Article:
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Returning Tallulah gets her bottom wet to win the 2020 Concours d'Elegance

by Mark Jardine 29 Feb 2020 10:05 PST 29 February 2020
The Scorpion Tallulah wins the Concours d'Elegance at the RYA Dinghy Show 2020 © Paul Wyeth / RYA

The 2020 Concours d'Elegance at the RYA Dinghy Show has been awarded to the Scorpion Tallulah, owned by Jerry Hannibus. Present at the 2019 show, the boat was ineligible then due to not having sailed, but this year had competed regularly on the Scorpion circuit and at Jerry's home club of Pennine SC.

Every year the quality of boats on display at the show is higher. Sarah Treseder, Chief Executive of the RYA, and Mark Jardine, Managing Editor of YachtsandYachting.com and Sail-World.com, found judging harder than ever.

Tallulah has a stunning Paintcraft varnish finish, intricate rope systems and brilliant boat and sail graphics.

Jerry was understandably delighted to win the prestigious trophy: "It means a lot. The Scorpion is a pretty boat, and to win something with a wooden boat is great. We're trying to show that wooden boats are really good, so it means a great deal to us. To me and Steve, and to PaintCraft who put this together, it is a proud moment for us."

When asked about what is needed to keep Tallulah in pristine condition, Jerry said: "Well, we don't have to do anything special. She lives in a berth at the club; we make sure she has a boom-up cover so that keeps most of the damp off. She lives in the Pennines most of the summertime. In winter she's been under a lean-to. I think it shows how modern technology and modern varnishes can keep a wooden boat looking as good as this one does."

Runners-up where the second ever GP14 to be built and the Firefly Pogie.

Steve Parry who worked on the restoration of the GP14, which was built in 1950 and sported a 1951 cottom mainsail said: "We think it is the probably the oldest marine plywood dinghy in the world. The original owner donated it to the class association, and it was owned by his father, who had dry-stored it in a barn since the 1960s. Most cotton sails were left to get wet and have rotted, but this mainsail survived."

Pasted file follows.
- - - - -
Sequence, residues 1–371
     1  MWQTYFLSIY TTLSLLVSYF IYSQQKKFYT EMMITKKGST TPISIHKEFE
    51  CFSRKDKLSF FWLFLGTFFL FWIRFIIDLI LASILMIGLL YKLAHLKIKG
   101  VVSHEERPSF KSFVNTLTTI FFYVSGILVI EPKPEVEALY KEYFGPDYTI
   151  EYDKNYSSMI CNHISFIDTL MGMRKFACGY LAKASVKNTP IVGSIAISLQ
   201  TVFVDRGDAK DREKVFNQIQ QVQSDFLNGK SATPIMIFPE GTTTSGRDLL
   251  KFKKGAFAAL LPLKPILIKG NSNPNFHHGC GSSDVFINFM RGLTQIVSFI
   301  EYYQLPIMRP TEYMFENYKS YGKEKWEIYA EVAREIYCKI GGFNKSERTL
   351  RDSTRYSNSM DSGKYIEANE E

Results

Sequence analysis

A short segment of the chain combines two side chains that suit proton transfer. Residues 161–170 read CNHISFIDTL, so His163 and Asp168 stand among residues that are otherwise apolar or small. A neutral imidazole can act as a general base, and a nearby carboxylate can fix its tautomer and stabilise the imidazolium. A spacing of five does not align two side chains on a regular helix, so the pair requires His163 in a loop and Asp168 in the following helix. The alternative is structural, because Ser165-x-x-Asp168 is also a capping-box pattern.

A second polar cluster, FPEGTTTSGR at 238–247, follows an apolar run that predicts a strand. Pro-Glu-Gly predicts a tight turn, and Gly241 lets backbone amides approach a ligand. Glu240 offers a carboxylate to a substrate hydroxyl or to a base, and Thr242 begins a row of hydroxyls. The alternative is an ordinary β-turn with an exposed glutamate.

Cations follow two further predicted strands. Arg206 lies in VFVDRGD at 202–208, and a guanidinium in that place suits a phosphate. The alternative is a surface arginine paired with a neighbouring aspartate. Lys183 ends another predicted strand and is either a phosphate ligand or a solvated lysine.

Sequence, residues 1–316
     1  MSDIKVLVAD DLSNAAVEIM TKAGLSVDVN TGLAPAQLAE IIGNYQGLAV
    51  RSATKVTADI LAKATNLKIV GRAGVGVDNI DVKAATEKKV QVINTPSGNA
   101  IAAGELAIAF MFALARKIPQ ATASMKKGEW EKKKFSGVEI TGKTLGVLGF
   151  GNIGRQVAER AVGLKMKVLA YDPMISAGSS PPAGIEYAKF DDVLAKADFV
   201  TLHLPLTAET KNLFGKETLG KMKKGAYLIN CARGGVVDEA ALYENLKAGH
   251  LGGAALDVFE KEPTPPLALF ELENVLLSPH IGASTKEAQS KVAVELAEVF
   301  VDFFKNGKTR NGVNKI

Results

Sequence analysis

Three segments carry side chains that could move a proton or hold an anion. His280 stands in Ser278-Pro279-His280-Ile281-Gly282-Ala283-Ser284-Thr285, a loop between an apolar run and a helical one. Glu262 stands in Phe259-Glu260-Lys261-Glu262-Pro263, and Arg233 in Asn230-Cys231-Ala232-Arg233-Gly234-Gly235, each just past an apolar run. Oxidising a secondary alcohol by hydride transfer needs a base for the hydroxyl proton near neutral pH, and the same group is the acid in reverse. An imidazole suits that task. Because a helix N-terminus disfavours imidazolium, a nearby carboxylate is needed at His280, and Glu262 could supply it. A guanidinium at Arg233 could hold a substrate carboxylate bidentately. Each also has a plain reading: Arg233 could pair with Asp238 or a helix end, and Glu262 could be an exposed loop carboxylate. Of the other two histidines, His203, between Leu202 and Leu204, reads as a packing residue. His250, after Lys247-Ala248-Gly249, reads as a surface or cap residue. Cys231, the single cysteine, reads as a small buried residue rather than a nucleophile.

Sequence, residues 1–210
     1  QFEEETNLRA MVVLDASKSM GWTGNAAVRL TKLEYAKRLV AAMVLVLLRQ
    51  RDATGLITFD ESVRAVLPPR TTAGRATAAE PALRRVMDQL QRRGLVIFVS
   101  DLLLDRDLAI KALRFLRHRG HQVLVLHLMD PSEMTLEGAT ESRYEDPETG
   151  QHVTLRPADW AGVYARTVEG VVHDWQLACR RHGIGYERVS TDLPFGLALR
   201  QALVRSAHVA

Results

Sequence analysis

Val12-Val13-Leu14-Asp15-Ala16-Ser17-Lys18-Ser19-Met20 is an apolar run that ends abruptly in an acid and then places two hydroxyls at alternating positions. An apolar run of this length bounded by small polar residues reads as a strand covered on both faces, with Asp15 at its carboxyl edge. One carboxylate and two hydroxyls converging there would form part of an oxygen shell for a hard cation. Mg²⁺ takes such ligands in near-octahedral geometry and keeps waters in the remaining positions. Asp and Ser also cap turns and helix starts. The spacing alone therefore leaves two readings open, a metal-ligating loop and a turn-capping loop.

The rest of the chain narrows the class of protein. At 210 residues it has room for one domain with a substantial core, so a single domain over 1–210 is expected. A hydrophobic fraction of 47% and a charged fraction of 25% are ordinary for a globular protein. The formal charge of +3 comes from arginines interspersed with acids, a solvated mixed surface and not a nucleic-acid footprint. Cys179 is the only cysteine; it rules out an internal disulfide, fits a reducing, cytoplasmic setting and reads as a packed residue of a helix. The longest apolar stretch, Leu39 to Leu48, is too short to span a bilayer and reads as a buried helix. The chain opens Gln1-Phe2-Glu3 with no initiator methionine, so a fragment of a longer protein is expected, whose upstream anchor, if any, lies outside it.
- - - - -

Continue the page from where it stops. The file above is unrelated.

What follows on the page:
Jono Pank said of Pogie: "Originally built by Fairey Marine in 1957 and refurbished in the 80s, Pogie won championships in the 80s, 90s, and 2000s, before getting rebuilt to the Mk 4 rules, and winning the championships in 2013. The rules now allow an extra layer of plywood in the floor, which can stiffen older boats and protect them long-term."

A special mention must be made of the Challenger class. Year-on-year they put on a vibrant and fun display. Richard Johnson, Chairman of the Challenger Class Association said: "This is our 40th anniversary - the first boat was delivered to Oxford SC in July 1980. We couldn't get the Ruby Regatta in July this year, so it will be in August. We want to see 40 boats there - you'll probably be able to walk from one side of the lake to the other on these trimarans! The class was originally designed for people with disabilities, but we have a growing number of more mature (able) sailors who are fed up with capsizing and hiking out."

There were some stunning new boats also on display including Merlin Rockets, International Canoes, Miracles and International 14s. The quality and workmanship that has gone into these dinghies is something to behold and is worth a close inspection by all RYA Dinghy Show visitors.

Mark Jardine said after the judging: "Walking around the show with Sarah to take in the plethora of dinghies on display is the highlight of my weekend. We both loved Tallulah last year, but the fact she didn't even have pintles fitted was a giveaway that she had never sailed, and we were delighted to see her return this year having sailed regularly, including at the Scorpion Nationals. A worthy winner indeed!"

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